August 21, 2014

Elyria
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County officials warn of 300 jobs will be lost if transit services are cut

ELYRIA — The Lorain County Employment Network — a coalition of local job agencies and organizations — estimates about 300 people could lose their jobs if all of the fixed routes of Lorain County Transit are eliminated by the end of December, according to county Commissioner Ted Kalo.

Callers complaining about the cutbacks were still flooding county switchboards on Thursday, two days after the county notified Cincinnati-based First Transit Inc. that bus service would be eliminated effective Dec. 31.

The move will save about $500,000 — the county’s share of operating the transit service.

But federal and state dollars paid for the bulk of the $5-million-per-year service and those dollars will be lost, along with the livelihood of about 40 bus drivers, County Administrator James Cordes said.

During Thursday’s meeting of the county commissioners, discussion focused on what will happen to the 13 new buses the county purchased earlier this year with $712,000 in federal stimulus money.

Cordes said he and the Assistant County Administrator Ron Twining are concerned the Federal Transportation Administration might intervene if the county mothballs the buses.

“They could very well order us to transfer or sell those buses to another transit system,” Cordes said.

Cordes said the county plans to finish using some $4 million in federal stimulus money to renovate the old train depot in Elyria, and that facility could be mothballed, too.

“We still may move over there,” Cordes said. “There’s no sense in stopping that project in the middle of it.”

Another option is to lease the train station to First Transit, which operates other bus services in Lorain County, Cordes said.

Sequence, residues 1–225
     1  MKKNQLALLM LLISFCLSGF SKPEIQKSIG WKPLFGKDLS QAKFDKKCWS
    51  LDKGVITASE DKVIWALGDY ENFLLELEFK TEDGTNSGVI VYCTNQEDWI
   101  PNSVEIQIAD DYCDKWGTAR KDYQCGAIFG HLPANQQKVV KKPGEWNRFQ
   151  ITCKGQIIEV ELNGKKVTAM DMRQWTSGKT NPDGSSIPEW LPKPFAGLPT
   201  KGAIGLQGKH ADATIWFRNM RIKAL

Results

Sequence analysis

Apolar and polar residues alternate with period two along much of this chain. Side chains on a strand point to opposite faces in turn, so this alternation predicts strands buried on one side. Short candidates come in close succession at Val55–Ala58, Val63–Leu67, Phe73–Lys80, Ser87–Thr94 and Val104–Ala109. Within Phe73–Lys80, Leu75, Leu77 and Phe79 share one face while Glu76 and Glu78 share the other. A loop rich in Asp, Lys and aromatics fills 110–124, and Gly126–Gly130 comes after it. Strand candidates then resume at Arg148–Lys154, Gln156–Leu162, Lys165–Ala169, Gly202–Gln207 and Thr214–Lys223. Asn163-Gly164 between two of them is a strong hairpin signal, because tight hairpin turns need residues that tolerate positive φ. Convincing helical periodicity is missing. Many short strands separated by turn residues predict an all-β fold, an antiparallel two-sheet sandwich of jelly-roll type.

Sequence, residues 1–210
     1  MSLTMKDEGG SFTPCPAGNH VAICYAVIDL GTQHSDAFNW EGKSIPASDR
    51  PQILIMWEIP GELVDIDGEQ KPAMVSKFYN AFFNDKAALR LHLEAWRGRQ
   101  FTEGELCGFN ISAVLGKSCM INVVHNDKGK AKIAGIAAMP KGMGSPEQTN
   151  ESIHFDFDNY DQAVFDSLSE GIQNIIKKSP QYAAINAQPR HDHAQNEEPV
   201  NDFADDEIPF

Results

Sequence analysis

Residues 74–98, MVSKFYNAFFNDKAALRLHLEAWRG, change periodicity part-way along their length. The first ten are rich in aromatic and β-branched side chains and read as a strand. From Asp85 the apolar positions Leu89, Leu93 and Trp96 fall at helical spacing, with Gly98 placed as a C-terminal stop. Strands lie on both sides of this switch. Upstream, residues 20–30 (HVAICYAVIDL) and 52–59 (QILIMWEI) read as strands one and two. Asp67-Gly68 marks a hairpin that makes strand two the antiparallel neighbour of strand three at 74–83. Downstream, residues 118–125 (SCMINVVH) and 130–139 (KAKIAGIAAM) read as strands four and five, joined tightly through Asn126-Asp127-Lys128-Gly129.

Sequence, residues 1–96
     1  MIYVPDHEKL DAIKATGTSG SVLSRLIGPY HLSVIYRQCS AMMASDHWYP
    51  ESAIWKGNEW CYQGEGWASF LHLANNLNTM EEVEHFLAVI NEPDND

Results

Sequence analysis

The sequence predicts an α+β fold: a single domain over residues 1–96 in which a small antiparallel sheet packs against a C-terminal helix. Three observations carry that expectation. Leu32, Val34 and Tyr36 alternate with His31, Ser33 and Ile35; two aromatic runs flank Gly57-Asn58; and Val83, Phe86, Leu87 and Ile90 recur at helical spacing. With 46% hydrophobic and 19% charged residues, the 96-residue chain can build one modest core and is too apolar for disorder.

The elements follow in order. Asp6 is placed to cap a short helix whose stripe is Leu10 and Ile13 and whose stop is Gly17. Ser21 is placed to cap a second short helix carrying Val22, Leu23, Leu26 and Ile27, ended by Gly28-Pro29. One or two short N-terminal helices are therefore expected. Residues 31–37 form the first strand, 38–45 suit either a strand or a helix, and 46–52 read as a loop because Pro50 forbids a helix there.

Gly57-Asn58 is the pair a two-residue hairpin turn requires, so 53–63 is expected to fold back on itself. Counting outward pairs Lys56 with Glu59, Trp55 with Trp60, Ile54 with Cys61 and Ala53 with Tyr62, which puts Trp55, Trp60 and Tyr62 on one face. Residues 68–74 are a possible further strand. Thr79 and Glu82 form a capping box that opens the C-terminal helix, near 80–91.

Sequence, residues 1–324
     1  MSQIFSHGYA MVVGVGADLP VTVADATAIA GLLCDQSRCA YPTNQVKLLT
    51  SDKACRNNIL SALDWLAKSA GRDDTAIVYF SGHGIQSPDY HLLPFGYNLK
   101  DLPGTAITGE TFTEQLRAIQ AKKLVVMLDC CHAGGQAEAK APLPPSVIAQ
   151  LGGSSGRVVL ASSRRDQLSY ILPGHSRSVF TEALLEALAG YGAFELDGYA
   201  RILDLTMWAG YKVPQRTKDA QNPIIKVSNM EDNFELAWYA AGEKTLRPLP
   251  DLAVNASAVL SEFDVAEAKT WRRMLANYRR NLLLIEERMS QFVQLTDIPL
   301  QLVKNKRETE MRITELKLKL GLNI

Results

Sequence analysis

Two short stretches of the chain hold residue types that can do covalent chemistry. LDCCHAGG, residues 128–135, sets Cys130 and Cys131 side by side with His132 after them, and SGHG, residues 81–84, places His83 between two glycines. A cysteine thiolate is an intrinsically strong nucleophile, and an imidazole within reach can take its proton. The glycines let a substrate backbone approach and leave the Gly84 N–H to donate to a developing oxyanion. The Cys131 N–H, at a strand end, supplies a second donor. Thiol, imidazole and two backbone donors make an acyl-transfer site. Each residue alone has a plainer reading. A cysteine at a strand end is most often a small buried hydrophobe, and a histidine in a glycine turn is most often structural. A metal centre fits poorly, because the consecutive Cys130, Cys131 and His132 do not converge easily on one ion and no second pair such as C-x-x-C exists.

At the same time the county announced it was cutting LCT, it announced it was ending its relationship with Greyhound, which means the buses no longer will stop outside Transit’s Third Street offices in Elyria.

When county officials conceived the train station project, they envisioned a transportation hub involving LCT and Greyhound using the renovated building on East Avenue, just north of Broad Street.

Over the summer, the federal government allowed some $400,000 of the train station renovation money to be transferred to transit operations, but Sunday bus service was still eliminated.

Meanwhile, there could be hope on the horizon for cash-strapped transit systems all over the United States, according to an aide to U.S. Rep. Betty Sutton, D-Copley Township.

As the co-chair of the Congressional Task Force on Job Creation, Sutton is working to put together a jobs bill which would include funding for mass transit, according to Sutton’s chief of staff, Nichole Francis Reynolds.

“It is unfortunate news to hear that all of Lorain County Transit’s fixed bus routes will soon come to an end,” Reynolds said. “Such services are vital for many constituents, especially seniors and those who utilize and rely upon LCT to get to work and everyday needs.”

Contact Cindy Leise at 329-7245 or cleise@chroniclet.com.